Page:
Bill Keller, Fiscal Conservatives and fear of a past that never existed

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Bill Keller, Fiscal Conservatives and fear of a past that never existed

Yes­ter­day I was at the Bor­der Grille for lunch to talk ads with the owner when I ran into an old friend of mine who I haven’t seen in a few years. We talked about the show a bit and our mutual love of gam­ing when the sub­ject of the elec­tion came up and I saw a phe­nom that I’ve seen a lot lately in the Repub­li­can Party.

My friend is an edu­cated man in his 40’s. Both he and his father owned small busi­ness and are long­time repub­li­cans. We were going through the poten­tial GOP nom­i­nees when he declared he was afraid of Rick Perry because of his fun­da­men­tal­ist belief in the Bible (specif­i­cally on evo­lu­tion). He argued that if he doesn’t believe in Evo­lu­tion what OTHER sci­ence does he not believe in?

I’ve already said some­thing in my gut doesn’t care for Rick Perry but this caused me to do a dou­ble take; I answered:

“Unem­ploy­ment is 9.1%, the econ­omy is in the tank and you’re wor­ried about a candidate’s posi­tion on how old the planet is?”

This whole “The GOP can­di­dates are reli­gious nuts” motif has been a big theme for the left and the media cul­mi­nat­ing in Bill Keller’s piece at the NYT yes­terday.

Byron York pointed out that there is a method in this belief in mad­ness via a pair of tweets point­ing out:

Also on Keller: Time spent dis­cussing reli­gious tests, Tro­jan horses and ‘fer­vid sub­sets of evan­gel­i­cal Chris­tian­ity’…is time spent not dis­cussing unem­ploy­ment. With job­less rate at 9.1%, that’s a major Demo­c­ra­tic goal.:

After all to a guy who has just fin­ished his 99 weeks of unem­ploy­ment and is on food stamps no issue is more vital than if the world is 6000 or 600,000,000,000 bil­lion years old!

The dis­trac­tion method is impor­tant to the Democ­rats try­ing to win, but there is some­thing more vis­ceral going on nation­ally that goes beyond mere party that is being missed. Lisa Graas (my guest on DaT­e­chGuy on DaRa­dio this week) spot­ted a piece of the puz­zle in this with inter­view with Rick San­to­rum in the Col­orado Inde­pen­dent:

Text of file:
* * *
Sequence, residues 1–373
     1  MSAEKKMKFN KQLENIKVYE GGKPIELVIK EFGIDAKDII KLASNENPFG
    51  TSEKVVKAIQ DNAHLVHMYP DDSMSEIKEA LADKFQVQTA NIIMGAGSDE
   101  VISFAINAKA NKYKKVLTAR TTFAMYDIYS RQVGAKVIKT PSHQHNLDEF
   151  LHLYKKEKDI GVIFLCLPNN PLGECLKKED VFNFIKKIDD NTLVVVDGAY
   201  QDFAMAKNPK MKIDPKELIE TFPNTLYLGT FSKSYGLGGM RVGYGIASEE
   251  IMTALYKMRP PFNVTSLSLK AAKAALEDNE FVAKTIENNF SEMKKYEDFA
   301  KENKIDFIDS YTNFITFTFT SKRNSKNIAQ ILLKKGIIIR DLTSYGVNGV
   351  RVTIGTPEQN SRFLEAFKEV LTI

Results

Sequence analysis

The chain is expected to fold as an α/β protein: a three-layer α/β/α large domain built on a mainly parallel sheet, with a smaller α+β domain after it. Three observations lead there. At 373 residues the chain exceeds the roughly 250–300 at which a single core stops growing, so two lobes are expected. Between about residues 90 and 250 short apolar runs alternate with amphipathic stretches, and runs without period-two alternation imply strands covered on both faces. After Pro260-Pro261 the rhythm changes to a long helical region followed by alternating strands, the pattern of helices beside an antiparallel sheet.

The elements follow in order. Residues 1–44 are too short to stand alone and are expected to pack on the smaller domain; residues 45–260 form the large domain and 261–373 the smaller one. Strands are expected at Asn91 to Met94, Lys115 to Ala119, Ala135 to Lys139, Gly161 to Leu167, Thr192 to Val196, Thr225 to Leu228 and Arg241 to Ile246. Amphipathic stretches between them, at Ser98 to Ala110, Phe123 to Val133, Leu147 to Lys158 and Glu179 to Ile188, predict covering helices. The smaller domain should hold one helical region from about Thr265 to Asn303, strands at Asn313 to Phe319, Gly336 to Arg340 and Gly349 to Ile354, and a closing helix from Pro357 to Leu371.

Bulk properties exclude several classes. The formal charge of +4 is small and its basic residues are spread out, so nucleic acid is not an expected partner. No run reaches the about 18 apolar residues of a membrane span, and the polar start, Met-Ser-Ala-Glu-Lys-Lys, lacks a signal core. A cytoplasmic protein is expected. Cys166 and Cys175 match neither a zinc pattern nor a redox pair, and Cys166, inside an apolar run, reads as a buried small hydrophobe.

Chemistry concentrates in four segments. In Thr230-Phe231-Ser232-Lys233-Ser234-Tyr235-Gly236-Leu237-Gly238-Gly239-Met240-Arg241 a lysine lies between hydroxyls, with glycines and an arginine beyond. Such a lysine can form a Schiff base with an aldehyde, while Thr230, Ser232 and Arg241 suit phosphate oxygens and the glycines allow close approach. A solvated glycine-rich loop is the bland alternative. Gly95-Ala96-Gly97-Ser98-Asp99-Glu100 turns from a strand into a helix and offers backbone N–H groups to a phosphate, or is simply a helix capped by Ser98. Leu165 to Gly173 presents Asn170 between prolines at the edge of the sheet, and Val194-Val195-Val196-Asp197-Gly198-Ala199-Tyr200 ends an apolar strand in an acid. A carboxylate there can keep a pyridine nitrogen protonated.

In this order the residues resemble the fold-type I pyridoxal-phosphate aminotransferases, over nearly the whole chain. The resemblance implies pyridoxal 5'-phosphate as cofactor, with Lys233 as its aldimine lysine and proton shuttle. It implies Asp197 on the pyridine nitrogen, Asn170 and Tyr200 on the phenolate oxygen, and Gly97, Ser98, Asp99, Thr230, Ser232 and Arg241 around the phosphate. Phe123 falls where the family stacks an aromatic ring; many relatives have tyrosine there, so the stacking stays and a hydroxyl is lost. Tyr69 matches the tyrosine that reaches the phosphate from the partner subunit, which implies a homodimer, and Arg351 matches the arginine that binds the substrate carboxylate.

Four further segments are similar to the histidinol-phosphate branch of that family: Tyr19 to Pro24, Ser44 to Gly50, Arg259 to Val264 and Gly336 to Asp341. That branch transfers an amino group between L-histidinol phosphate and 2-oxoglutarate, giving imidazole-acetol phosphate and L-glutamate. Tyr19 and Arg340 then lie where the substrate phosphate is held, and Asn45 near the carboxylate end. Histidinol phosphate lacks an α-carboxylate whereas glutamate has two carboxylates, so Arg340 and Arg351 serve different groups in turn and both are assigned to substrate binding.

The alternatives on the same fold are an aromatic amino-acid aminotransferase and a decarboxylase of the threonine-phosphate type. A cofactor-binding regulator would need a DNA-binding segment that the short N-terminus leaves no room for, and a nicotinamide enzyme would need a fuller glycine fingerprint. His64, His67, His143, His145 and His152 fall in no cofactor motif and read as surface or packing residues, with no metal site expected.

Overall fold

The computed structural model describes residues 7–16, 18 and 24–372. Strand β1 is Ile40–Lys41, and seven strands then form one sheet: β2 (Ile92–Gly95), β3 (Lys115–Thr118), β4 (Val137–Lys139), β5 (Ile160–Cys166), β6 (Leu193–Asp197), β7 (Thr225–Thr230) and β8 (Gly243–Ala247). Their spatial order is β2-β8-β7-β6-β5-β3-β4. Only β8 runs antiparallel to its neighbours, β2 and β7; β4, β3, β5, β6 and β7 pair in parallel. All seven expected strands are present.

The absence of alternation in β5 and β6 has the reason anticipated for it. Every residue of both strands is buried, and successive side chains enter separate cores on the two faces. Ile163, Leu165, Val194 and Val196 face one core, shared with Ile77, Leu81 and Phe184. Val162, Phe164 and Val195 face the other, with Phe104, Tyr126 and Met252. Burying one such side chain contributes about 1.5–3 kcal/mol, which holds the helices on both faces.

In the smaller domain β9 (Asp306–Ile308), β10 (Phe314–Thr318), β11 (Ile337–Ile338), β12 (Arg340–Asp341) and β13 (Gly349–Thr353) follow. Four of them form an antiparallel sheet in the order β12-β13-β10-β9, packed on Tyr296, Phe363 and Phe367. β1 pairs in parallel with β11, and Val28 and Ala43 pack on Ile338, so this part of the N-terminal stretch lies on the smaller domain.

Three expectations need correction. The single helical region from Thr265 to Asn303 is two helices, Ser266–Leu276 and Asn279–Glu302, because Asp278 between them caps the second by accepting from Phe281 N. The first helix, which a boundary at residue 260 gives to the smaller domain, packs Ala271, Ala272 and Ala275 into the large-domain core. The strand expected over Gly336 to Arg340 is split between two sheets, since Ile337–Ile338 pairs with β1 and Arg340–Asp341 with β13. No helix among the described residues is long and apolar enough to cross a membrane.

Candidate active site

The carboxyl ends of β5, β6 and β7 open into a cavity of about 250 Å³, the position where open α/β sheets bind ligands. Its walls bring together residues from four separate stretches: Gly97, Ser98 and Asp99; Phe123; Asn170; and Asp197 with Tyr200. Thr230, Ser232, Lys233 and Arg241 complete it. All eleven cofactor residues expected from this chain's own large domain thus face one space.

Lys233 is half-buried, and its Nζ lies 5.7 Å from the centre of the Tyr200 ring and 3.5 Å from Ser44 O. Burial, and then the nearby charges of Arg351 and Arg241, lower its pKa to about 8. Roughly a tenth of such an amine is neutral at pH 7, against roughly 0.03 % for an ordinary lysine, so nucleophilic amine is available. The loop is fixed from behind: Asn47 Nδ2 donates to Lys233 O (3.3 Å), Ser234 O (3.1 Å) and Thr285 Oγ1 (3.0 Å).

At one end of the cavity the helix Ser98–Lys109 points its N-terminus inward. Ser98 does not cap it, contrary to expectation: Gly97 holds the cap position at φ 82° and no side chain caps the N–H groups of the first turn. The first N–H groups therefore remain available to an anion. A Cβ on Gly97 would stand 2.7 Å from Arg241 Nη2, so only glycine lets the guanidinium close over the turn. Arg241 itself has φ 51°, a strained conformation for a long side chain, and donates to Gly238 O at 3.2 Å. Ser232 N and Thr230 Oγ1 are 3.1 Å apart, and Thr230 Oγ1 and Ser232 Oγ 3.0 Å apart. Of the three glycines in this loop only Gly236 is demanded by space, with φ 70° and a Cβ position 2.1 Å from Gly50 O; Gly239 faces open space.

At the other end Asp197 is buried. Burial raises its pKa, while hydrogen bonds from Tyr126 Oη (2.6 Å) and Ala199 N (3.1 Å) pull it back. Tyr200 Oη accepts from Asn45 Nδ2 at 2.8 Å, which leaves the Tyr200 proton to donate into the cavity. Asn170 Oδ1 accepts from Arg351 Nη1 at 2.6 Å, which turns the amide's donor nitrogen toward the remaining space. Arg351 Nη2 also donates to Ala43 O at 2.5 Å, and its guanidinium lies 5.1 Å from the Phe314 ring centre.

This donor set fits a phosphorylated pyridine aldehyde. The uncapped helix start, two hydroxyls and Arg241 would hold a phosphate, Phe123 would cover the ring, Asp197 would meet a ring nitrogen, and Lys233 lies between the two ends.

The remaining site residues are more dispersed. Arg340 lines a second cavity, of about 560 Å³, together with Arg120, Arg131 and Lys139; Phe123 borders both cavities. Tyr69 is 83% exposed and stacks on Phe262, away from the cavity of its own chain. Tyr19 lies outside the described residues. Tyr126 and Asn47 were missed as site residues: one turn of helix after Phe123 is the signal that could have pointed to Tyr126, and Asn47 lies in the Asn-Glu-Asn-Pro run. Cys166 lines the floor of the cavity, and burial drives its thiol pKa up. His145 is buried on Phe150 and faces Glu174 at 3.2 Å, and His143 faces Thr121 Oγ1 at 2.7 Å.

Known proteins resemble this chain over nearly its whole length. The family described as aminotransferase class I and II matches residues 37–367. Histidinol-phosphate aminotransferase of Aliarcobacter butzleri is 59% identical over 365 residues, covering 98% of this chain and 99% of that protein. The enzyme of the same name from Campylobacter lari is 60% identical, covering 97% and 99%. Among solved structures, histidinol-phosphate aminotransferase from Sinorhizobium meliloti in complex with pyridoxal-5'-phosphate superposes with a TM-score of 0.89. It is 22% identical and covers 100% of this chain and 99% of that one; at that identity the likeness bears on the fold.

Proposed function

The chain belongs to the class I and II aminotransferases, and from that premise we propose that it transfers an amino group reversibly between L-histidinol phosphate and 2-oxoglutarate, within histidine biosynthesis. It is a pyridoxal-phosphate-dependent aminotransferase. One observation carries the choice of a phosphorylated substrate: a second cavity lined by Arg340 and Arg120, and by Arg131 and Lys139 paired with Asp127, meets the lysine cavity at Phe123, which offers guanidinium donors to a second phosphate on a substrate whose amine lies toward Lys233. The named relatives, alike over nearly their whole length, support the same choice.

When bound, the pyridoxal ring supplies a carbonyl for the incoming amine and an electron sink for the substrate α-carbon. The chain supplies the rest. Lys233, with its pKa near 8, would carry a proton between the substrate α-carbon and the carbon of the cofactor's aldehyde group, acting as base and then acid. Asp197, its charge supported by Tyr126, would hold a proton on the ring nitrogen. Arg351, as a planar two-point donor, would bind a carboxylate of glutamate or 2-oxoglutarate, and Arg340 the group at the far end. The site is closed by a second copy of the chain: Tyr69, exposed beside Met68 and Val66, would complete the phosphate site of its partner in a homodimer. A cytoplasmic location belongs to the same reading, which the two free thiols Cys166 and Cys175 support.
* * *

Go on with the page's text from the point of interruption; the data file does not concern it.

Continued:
But at least today I think what you’d see is that Catholics are pretty much all over the board. I mean, when I was grow­ing up as a kid, pretty much every­body I knew that was Catholic was Demo­c­rat. That’s not the case anymore.

The ques­tion is whether you’re church-​going or not.

If you’re a church-​going Catholic by and large you’re a Repub­li­can, just like if you’re a church-​going Protes­tant by and large you’re a Repub­li­can. And if you’re not church-​going by and large you’re not.

This goes back to some­thing I wrote about years ago:

Since the 60′s two uni­fy­ing forces, for good or ill, were removed from the coun­try: the removal of Judeo/​Christian val­ues as the semi-​official moral code of the pub­lic schools) and the death of the draft/​aka Viet­nam. (actu­ally end­ing in the 70′s). These two changes had one thing in com­mon, it took two gen­er­a­tions for them to have the fol­low­ing effect:

It is now unlikely that a stu­dent going to school today, had a teacher or par­ent who 1. Served in the mil­i­tary or 2. Was taught that moral code in school. To a whole gen­er­a­tion now being born these are things that belong to out­siders. This makes the mil­i­tary and reli­gious peo­ple out­siders and strange to one group and vice versa. Since the mil­i­tary draws pre­dom­i­nantly from those two groups it will become more iso­lated from the rest of the pub­lic as time goes by.

There are now two par­al­lel cul­tures in the US: One the cul­ture born out of the 60’s that is sec­u­lar and nar­cis­sis­tic. To that cul­ture the pri­mary sin is to …define some­thing as sin or for­bid­den. The other is the Judeo-​Christian cul­ture that the coun­try has lived under since it’s founding.

The dis­tin­guish­ing char­ac­ter­is­tic of the sec­u­lar cul­ture, dri­ven by their lack of belief both in God and in them­selves, is fear: Fear of salt in food, fear of trau­ma­tiz­ing chil­dren by mak­ing rules, fear of offend­ing any­body, fear of judge­ment calls. Sim­ply put fear of being held respon­si­ble for any­thing. That is why it loves gov­ern­ment con­trol. Every respon­si­bil­ity and deci­sion that gov­ern­ment takes on is one less that they have to make for them­selves or can be blamed for.

And Rachel Mad­dow won­ders why we don’t build great things?

This brings us to Rick Perry and my friend’s fear of him. When I look at Perry the remark­able thing about him is how unre­mark­able he is. Any­time in the last 100 years his back­ground and beliefs would be decid­edly uncon­tro­ver­sial. In large swaths of the coun­try where the tra­di­tional cul­ture exists he is just another pol (with a good record on jobs).